“Take Control of Your Digital Photos,” Chapter 3
Although it’s possible to dump photos into a folder and call that “organization,” I don’t recommend doing so. My photo-management strategy relies on software to organize images and apply essential metadata. The time you save when tagging and searching for images justifies the price of a good photo-management program. But which one? I’d love to say, “Go get this one program and you’ll be set,” but that’s not realistic. The good news is that there are several interesting options for managing photos. Because it’s impractical for me to list every program out there, I focus on the features that I consider most essential for managing your photo collection and the specific programs that meet these criteria.
Jeff -- Enjoying the series -- gonna buy for a nephew.
Could you add a sentence or two about why you don't consider Graphic Converter for your photo management software? With the Browser tools it seems to have many of the capabilities you highlight in Chap #3, but it is sort of clunky.
To be honest, I hadn't used GC for a while. It looks interesting, but there doesn't seem to be a way to create smart filters, and essentially it fits into the category of directory viewers (although it is clever in that it can look into iPhoto libraries). I'm not seeing keyword support, either (although maybe I'm missing it, just scanning through a demo version of the latest v8).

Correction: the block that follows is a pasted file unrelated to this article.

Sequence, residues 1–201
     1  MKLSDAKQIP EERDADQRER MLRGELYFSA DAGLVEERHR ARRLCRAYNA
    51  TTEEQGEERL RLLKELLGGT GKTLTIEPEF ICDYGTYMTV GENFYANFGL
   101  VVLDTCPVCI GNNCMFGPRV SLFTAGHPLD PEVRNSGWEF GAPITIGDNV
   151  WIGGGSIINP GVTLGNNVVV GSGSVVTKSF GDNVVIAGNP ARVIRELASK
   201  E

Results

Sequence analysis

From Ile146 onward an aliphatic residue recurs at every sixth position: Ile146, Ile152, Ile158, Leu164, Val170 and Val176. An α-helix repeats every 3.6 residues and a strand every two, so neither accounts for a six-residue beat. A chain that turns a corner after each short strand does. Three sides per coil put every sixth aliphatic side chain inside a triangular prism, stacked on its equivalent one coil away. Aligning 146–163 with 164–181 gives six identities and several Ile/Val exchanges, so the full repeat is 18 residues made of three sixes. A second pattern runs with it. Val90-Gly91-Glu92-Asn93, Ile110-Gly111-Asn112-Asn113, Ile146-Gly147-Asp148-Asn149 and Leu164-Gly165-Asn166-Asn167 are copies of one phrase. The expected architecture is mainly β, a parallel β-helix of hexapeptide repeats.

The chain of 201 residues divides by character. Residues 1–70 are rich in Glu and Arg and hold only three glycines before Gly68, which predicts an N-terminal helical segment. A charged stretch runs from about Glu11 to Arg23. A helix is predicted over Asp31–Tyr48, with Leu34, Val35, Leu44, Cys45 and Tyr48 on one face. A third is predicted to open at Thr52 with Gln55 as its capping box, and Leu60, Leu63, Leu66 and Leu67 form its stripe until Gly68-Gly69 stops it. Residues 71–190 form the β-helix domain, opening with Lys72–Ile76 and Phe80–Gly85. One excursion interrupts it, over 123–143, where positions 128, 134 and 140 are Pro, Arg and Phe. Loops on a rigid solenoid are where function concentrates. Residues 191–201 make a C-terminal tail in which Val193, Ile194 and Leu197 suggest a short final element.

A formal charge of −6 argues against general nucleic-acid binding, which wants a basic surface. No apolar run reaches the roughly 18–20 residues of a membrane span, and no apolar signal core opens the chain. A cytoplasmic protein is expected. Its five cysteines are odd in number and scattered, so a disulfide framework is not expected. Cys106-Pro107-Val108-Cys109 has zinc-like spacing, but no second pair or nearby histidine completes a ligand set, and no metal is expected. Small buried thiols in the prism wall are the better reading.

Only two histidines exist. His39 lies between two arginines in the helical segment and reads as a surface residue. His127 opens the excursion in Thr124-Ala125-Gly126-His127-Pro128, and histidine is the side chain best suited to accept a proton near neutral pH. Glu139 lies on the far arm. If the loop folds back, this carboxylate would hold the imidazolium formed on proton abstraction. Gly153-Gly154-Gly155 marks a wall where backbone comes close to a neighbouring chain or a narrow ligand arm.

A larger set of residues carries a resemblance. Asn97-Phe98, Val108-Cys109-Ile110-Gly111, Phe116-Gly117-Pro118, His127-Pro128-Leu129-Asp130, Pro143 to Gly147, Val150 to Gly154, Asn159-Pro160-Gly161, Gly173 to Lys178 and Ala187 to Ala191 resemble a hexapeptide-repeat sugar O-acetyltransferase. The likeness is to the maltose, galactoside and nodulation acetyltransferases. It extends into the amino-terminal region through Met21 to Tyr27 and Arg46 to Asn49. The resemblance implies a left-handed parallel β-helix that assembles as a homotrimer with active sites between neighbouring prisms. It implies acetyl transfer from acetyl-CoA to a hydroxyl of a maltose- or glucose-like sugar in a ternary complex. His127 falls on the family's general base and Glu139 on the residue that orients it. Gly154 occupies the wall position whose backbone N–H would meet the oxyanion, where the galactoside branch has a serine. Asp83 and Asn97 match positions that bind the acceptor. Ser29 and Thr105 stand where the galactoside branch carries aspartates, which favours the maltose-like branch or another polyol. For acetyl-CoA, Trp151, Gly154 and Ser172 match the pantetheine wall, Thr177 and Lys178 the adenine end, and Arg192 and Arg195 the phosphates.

I was perfectly happy with iPhoto. Tried Aperture but thought it was too complicated. Now, Jeff, you've got me thinking... looks like I'll have to give Lightroom a try.
Looking forward to seeing the entire book!
I was perfectly happy with iPhoto too, for a while. But the last version made things more difficult, especially in the realms I talk about here (offline photos, poor ability to export).
Jeff, I find Photo Stream a nice feature. I don't have to remember to import my iPhone photos into iPhoto. It's all automatic, and it's sorted by months! Do any of the other apps you review support Photo Stream?
Photo Stream is a feature exclusive to iCloud, so only iPhoto and Aperture support it.
I used iPhoto for some time, then moved to Aperture some years ago. I looked into Lightroom at that time, one feature that I find very important is the ability to create slide shows. You didn't use that as one of your main requirements. How do these different applications deal with slide shows?
Aperture and Lightroom have slideshow features. The Windows version of Photoshop Elements has a pretty extensive slideshow feature, but the Mac version doesn't.
This may not be an entirely common desire, Jeff, but do any of these apps make it easy to share photo libraries in these ways?
* Between multiple Macs. I have a Mac Pro and a MacBook Air, and I often want to work with photos on one or the other of the two Macs. The Mac Pro for editing and display, thanks to its big monitors, and the MacBook Air for when I'm traveling or just uninterested in sitting at my desk for an activity that's not really work-related. I could store the photo library on the Mac Pro or on an always-on Mac mini file server.
* Between multiple people. Although I take a lot more photos than Tonya does, it seems really wrong for us to have separate photo libraries, as we do now. Our photos are often of shared events, so of course I'd want to see hers and she mine.
iPhoto handles these situations miserably, and always has. It's possible to make it work, sort of, with various hacks and tweaks, but it's brittle and complex.
So the question is if Aperture and Lightroom make this significantly more possible?
I too am very interested in Adam's first question, sharing an library among multiple Macs in different locations.